Once the proper sources of traffic and analysis criteria have been selected, click the Generate Analysis button at the bottom of the screen to view the bandwidth calculations for the aggregate traffic. At any time you may modify the parameters and hit 'Generate Analysis' to refresh the results. When viewing the current analysis, select 'Instructions' at the bottom of the analysis window to return to this screen, or select 'Print Version' to display a copy of the current analysis suitable for printing to a color printer.

The resulting aggregate bandwidth analysis is organized into three sections:

Peak Bandwidth Engineering - This section calculates the peak bandwidth requirements for carrying the aggregated voice traffic. First, the Maximum Busy Hour and Average Bouncing Busy Hour traffic for the combined sources is determined. For each of these measurements, the maximum number of concurrent conversations is calculated for two different grades of service - P.01 and P.10 - resulting in four values. It is recommended to engineer for a P.01 Grade of Service if there are no alternate fallback facilities (e.g. a traditional TDM route) for the voice traffic. If there is an alternate facility to carry the traffic, you may want to engineer for a less aggressive P.10 Grade of Service to reduce costs. Then, the bandwidth consumed by a single call is calculated using the Codec parameters selected. Finally, this is multiplied by the maximum number of concurrent conversations to yield the peak bandwidth required.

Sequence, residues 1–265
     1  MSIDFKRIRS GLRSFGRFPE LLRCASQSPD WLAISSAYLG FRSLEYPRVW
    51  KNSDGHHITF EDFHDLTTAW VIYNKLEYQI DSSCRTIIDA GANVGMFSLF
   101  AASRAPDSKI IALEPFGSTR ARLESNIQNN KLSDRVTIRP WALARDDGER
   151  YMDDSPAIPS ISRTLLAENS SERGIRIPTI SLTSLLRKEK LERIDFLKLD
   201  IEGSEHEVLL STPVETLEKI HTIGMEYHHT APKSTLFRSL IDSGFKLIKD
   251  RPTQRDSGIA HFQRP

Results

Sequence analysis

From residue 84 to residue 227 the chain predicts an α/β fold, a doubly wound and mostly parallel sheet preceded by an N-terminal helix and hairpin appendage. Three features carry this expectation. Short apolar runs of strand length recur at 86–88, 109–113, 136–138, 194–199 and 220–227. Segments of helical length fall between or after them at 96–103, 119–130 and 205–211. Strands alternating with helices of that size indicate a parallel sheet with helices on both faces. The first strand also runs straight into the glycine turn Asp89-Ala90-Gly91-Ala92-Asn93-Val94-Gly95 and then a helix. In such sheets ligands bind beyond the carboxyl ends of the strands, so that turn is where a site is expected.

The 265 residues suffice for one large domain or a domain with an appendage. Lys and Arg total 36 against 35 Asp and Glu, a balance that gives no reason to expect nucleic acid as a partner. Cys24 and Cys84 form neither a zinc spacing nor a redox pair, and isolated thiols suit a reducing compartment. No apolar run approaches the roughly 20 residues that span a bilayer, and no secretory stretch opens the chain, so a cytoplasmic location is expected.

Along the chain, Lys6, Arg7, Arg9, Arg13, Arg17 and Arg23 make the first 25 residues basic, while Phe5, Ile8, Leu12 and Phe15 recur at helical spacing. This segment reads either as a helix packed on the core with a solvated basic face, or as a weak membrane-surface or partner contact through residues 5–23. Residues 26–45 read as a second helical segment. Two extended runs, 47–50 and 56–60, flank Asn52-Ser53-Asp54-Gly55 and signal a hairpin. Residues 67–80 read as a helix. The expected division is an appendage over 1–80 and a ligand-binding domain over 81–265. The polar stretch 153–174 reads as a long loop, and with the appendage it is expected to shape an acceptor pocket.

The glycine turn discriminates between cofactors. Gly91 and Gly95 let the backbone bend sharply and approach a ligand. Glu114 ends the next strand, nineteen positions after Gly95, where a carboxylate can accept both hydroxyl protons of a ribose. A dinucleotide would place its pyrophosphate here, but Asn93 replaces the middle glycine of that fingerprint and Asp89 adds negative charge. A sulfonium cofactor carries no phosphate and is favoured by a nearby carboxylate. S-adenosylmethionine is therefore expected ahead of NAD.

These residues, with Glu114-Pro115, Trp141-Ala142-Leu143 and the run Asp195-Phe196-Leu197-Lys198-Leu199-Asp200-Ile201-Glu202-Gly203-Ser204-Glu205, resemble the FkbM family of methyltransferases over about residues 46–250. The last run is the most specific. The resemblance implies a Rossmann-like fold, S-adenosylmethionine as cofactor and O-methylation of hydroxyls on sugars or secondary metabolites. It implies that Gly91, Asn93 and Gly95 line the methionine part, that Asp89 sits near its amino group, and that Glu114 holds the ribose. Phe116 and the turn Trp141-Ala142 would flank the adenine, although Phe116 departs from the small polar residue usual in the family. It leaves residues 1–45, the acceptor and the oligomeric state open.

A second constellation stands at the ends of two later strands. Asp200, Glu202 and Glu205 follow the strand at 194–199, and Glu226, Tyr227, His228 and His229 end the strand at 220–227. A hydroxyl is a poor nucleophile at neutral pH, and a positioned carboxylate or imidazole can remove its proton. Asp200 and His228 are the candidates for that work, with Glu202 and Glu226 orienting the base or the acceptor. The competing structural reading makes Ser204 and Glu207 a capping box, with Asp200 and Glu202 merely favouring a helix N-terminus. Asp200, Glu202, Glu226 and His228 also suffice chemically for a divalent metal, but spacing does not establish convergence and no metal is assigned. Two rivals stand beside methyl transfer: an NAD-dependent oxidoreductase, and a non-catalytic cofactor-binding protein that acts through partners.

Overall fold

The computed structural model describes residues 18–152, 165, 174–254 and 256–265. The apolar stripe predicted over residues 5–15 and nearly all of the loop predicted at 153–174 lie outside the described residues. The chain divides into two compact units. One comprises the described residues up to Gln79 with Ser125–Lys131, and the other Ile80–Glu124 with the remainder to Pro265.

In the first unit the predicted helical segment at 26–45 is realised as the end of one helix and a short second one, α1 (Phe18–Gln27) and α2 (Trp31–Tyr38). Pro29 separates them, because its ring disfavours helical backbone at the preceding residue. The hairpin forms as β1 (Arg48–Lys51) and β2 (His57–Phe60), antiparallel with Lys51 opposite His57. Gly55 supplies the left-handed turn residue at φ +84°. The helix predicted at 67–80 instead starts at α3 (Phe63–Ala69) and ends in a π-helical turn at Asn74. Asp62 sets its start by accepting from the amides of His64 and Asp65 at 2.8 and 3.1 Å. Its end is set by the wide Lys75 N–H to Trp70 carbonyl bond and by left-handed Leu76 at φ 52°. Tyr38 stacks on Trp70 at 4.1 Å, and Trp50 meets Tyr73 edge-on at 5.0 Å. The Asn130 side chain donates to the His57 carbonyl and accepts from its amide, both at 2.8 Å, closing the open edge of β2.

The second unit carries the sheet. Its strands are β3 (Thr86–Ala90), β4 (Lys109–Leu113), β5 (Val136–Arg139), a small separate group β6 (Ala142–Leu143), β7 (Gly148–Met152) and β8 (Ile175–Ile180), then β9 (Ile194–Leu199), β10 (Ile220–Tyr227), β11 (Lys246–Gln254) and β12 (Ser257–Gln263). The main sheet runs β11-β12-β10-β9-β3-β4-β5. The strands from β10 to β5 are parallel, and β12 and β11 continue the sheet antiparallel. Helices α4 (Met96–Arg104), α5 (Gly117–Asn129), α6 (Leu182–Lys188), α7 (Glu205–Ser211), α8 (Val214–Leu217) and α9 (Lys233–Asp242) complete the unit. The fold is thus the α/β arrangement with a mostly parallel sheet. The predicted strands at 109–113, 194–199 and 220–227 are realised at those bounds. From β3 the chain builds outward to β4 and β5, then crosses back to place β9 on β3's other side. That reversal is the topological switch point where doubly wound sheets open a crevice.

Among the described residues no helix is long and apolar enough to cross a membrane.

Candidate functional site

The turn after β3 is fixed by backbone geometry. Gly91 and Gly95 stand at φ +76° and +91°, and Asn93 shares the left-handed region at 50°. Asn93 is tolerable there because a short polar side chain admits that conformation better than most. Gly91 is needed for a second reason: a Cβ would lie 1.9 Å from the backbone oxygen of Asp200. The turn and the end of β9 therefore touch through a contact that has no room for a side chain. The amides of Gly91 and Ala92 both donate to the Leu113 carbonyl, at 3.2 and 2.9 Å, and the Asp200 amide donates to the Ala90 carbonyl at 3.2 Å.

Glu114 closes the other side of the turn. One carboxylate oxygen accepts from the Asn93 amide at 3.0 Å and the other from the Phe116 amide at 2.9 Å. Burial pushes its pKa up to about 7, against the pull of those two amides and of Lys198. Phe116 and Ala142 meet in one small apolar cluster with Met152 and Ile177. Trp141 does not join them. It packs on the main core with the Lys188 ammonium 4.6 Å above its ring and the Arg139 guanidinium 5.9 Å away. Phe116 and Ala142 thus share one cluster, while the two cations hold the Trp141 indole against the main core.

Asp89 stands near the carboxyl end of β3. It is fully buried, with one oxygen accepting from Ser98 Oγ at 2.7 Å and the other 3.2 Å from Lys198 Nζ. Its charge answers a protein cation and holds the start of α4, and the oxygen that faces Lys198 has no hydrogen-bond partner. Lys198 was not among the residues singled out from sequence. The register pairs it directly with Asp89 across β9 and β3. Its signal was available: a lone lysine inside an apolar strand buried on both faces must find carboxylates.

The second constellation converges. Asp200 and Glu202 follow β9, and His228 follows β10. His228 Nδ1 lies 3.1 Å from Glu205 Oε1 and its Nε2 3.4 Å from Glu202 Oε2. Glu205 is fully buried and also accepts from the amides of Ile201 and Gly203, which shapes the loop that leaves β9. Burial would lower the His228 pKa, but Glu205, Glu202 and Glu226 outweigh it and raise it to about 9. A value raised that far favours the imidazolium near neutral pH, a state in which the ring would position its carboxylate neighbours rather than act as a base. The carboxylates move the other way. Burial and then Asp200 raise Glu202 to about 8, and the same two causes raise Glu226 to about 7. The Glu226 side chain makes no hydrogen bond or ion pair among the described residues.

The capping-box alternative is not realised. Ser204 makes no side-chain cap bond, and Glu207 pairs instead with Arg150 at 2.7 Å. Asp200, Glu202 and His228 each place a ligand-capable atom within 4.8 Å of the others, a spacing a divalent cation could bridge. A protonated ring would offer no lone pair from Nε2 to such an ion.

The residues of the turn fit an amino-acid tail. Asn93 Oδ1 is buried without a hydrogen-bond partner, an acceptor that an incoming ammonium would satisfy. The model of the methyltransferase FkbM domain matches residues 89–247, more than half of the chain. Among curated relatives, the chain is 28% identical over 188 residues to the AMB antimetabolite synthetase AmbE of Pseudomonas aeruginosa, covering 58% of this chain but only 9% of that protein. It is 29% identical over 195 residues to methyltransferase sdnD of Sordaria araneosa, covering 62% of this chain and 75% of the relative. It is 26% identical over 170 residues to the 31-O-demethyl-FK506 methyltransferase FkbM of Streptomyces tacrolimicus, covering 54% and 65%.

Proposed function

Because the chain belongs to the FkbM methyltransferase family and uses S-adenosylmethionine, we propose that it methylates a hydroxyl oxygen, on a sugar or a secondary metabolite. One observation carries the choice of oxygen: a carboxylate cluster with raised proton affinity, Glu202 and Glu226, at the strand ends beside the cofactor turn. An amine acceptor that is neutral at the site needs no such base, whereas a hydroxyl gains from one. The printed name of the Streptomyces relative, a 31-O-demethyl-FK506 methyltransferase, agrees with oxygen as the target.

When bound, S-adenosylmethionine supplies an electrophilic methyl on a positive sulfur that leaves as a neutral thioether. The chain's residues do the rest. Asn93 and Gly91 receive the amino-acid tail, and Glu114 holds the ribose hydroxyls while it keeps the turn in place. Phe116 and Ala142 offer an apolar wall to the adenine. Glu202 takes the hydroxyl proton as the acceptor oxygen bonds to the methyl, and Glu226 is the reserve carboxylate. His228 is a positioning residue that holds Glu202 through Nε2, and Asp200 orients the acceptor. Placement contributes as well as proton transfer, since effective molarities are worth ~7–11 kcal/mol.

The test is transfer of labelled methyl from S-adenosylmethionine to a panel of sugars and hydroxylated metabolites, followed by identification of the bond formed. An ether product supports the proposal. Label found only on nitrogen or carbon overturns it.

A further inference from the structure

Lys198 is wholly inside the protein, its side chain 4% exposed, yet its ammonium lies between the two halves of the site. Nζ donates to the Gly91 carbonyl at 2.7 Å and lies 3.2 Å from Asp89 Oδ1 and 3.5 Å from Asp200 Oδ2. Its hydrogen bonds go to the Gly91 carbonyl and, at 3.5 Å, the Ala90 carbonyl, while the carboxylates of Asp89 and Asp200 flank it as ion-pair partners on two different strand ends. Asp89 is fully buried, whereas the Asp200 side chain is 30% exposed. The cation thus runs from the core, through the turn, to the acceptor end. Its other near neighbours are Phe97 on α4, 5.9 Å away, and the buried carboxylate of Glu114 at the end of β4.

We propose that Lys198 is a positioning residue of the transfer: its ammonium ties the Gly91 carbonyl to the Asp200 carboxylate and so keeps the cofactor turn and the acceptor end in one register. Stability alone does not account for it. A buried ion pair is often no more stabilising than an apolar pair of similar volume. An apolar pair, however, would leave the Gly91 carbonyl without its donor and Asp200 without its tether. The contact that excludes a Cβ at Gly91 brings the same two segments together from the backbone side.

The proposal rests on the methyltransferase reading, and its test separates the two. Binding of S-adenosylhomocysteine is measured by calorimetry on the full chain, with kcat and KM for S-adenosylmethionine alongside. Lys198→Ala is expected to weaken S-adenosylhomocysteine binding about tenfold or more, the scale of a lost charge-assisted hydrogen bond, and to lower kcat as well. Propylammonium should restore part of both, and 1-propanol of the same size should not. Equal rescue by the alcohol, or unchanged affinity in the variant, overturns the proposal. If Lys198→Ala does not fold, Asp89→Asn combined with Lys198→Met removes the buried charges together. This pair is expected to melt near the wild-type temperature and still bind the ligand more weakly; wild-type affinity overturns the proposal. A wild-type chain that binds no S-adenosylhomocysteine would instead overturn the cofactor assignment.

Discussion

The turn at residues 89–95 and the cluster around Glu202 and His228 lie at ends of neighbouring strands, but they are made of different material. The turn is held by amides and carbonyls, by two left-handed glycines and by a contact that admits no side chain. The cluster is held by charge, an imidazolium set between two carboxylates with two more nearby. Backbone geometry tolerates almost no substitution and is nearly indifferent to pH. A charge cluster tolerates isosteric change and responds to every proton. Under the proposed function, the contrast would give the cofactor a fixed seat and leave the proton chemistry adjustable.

Average Busy Hour Bandwidth - Within an hour, the bandwidth requirements fluctuate as the number of concurrent calls increases and decreases. Whereas the previous section calculated the bandwidth requirements during the peaks of activity, this section presents the average bandwidth that would be consumed by the traffic during the busiest hours of the analysis. This is done by assuming the traffic occurred perfectly evenly throughout the hour, and determining how many fully-utilized connections would be required to carry the traffic. This produces the bandwidth that can be assumed to be used at any given moment during your busiest hours. So, when designing a facility to carry this traffic, it needs to have sufficient capacity to carry this bandwidth continuously throughout the busiest hours, as well as the ability to handle the peak bandwidth from the previous section during the absolute busiest moments.

Average Daily Bandwidth by Hour - This section displays a chart of the bandwidth requirements throughout an average day during the analysis period. Each hour of the graph represents the average usage during that hour over the measured period. The blue bars correspond to the peak bandwidth requirements for the hour, as explained in the Peak Bandwidth Engineering section, using a P.01 Grade of Service. The red line shows the average continuous bandwidth during the hour, as described in the Average Busy Hour Bandwidth section.